He’s known as the Confetti King of Lower Manhattan.
Joe Timpone, the Downtown Alliance’s Vice President for Operations, has taken part in dozens of parades in his more than 30 years with the city’s Sanitation Department and during his tenure with the Downtown Alliance.
He dispatches more than 100 sanitation and safety workers around the neighborhood on the day of the parade. He says it takes weeks to cleanup because paper strips are often collected on ledges above and await a strong wind gust to disrupt their nests. And, he’s even ridden on a float in one parade.
Today, he jumps into action, organizing the creation of a ton of confetti – not the obsolete ticker tape – to distribute to 20 of the biggest buildings along the Canyon of Heroes. We spent some time with Joe to get details on his parade prep.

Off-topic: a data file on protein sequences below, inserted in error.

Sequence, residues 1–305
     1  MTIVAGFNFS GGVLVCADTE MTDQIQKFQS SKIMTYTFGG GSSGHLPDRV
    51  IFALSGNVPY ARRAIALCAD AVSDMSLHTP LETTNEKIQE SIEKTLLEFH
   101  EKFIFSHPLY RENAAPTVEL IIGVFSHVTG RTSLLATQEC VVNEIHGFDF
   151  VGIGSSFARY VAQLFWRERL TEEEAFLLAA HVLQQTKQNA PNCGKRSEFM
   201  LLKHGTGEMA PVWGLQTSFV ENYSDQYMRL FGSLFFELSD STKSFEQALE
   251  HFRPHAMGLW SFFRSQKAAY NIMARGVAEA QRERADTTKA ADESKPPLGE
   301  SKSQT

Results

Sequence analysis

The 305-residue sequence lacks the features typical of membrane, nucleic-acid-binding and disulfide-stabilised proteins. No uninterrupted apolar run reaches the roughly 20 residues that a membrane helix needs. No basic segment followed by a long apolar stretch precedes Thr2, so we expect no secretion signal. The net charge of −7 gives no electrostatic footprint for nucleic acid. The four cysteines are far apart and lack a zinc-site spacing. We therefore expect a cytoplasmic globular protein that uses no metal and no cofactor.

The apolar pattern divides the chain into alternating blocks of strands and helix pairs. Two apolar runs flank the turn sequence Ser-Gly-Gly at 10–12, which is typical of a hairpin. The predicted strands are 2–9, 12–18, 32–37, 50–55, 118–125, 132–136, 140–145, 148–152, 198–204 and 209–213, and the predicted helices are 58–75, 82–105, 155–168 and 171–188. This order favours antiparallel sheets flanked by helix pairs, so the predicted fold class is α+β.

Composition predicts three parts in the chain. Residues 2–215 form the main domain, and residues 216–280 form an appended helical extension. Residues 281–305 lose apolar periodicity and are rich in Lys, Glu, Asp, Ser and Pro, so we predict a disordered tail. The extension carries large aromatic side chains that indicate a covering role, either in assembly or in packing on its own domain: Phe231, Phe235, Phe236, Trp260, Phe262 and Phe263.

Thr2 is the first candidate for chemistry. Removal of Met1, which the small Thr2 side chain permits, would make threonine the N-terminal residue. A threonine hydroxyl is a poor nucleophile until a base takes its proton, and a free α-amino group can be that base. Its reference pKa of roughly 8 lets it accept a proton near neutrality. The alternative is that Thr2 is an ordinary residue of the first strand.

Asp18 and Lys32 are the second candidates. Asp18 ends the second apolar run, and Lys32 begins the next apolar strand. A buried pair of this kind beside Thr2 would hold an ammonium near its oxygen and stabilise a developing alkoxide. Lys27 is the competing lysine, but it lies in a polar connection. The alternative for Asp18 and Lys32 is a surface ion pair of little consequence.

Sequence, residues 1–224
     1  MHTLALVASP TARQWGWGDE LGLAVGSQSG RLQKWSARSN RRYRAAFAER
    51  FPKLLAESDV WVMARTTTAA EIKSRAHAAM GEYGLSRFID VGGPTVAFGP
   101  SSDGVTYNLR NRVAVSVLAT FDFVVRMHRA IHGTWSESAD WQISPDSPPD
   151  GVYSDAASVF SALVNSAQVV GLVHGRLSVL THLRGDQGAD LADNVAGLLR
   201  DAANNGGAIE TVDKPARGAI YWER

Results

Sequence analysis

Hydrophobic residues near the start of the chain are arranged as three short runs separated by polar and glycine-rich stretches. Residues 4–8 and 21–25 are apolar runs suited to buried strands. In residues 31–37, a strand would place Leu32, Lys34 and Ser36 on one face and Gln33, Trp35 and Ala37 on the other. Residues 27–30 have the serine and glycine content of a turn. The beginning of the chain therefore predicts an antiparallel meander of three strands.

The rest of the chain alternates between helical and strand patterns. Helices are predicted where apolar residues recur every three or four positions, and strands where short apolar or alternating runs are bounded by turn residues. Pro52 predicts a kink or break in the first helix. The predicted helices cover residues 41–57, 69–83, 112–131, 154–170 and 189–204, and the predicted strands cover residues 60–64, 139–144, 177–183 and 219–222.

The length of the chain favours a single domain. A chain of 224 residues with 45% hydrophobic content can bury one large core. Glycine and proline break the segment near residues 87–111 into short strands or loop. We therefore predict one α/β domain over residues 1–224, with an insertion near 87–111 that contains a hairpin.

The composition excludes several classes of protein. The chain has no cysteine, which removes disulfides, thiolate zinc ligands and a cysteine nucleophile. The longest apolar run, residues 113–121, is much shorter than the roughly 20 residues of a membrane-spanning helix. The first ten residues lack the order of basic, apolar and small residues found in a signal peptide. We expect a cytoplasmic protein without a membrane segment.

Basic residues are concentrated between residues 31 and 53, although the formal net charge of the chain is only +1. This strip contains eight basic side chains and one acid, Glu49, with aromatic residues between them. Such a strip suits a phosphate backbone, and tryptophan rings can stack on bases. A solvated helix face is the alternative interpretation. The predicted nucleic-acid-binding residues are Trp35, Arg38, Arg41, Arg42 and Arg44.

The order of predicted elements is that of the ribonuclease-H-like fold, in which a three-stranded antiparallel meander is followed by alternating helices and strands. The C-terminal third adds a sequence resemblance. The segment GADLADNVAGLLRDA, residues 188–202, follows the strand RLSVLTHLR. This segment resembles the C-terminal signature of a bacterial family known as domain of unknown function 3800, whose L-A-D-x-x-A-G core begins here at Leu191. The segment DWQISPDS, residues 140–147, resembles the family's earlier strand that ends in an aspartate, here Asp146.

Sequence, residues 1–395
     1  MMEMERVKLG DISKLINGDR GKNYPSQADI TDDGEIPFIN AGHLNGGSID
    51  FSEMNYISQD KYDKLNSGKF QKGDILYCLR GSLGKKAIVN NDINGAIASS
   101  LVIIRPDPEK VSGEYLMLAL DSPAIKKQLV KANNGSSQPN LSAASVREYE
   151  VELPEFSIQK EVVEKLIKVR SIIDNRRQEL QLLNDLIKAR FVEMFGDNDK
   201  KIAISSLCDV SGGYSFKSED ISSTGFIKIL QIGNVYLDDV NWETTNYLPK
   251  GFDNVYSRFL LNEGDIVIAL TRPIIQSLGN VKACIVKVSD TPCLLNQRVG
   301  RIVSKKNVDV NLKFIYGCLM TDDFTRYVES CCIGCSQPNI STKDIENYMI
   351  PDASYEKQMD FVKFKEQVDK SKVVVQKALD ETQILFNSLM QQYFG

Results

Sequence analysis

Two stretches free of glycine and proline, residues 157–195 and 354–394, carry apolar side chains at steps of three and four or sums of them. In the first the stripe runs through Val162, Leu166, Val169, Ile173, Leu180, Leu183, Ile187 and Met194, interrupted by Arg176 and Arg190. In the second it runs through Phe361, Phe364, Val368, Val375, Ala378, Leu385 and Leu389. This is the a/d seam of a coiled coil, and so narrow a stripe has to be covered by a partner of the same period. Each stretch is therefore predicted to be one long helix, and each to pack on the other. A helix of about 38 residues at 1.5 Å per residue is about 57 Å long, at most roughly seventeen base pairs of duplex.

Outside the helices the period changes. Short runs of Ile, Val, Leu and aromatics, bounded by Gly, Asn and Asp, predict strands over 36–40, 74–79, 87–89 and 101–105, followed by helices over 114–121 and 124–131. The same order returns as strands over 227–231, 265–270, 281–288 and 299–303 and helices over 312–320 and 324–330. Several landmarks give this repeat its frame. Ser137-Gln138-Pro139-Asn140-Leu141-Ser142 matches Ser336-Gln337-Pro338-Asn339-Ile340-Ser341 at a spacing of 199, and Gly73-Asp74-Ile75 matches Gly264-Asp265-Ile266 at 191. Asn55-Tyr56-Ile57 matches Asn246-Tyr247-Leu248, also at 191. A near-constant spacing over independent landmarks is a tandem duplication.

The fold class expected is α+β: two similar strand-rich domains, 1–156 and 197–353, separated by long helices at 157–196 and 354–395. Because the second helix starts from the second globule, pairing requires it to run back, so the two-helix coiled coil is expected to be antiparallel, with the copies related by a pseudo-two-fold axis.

Check our website throughout the day and download our mobile app for details on the Canyon of Heroes parade, and the best restaurants and bars to visit after the parade.
The eyes of the world are on Lower Manhattan as we near the 10th anniversary of the attacks on the World Trade Center. And what they will see is substantial progress at the site–along with a growing, flourishing district that may have been knocked down but couldn’t be counted out.
Yesterday, the Alliance for Downtown New York issued a report called the State of Lower Manhattan 2011, providing a comprehensive review of Lower Manhattan’s remarkable economic and demographic changes, leasing activity, and development and market trends since 9/11. You can find the report here.
Over the last decade, Lower Manhattan’s population has more than doubled and tourism has climbed to nine million visitors annually. Simply put, this is one of the fastest-growing neighborhoods in New York City.